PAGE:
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The inequality implications of highly selective promotion practices
ARTICLE

Economics of Education Review Volume 23, Number 3 ISSN 0272-7757 Publisher: Elsevier Ltd

Abstract

Faced with the evident impossibility of providing free or significantly subsidized secondary and higher education to all, many poor and middle income countries choose to educate only those students who are most promising, using public examinations as means of distributing scarce resources. This paper investigates the inequality implications of highly selective education systems, using data from Tunisia. It explores the determinants of progression from primary to junior secondary school and what primary school dropouts do after they leave school.The results indicate that school characteristics play a key role in determining a student’s successful completion of primary school. The typical definition of “dropouts” is argued to be too general to be useful in this context, and the distinction is made between the dropouts who were asked to leave and the ones who were allowed to stay in school as repeaters. This analysis shows that the importance of the influence of family characteristics on children’s human capital changes significantly (and within and across family inequalities become more visible) when one takes into consideration not only the successful completion of primary school but also the status of dropouts after they leave school.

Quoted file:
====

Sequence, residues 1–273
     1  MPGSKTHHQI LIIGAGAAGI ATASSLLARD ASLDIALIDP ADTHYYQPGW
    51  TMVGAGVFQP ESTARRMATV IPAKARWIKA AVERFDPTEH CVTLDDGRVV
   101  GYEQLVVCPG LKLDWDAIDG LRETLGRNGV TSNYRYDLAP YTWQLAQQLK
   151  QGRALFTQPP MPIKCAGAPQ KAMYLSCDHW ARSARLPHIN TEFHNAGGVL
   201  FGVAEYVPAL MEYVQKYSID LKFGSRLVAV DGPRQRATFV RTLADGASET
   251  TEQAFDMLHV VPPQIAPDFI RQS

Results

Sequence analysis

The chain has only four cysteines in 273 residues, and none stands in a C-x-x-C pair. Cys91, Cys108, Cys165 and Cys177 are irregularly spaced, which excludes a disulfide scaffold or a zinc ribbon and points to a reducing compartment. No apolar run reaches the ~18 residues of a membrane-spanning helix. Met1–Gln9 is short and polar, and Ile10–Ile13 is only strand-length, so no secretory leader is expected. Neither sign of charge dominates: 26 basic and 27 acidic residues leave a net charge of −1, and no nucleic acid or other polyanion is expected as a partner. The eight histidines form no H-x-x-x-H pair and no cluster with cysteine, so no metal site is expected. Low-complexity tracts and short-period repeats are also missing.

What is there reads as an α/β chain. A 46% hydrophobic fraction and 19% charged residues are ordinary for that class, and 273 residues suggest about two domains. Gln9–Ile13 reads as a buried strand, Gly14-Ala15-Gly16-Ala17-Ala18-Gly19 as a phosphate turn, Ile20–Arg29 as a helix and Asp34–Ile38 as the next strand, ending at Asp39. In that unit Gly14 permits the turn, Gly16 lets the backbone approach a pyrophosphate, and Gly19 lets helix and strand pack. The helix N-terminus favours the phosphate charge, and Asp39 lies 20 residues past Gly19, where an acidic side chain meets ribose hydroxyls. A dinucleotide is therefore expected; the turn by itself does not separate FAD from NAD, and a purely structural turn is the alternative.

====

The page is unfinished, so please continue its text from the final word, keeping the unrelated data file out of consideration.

Citation

Mete, C. The inequality implications of highly selective promotion practices. Economics of Education Review, 23(3), 301-314. Elsevier Ltd. Retrieved December 2, 2020 from .

This record was imported from Economics of Education Review on March 1, 2019. Economics of Education Review is a publication of Elsevier.

Full text is availabe on Science Direct: http://dx.doi.org/10.1016/j.econedurev.2003.10.003

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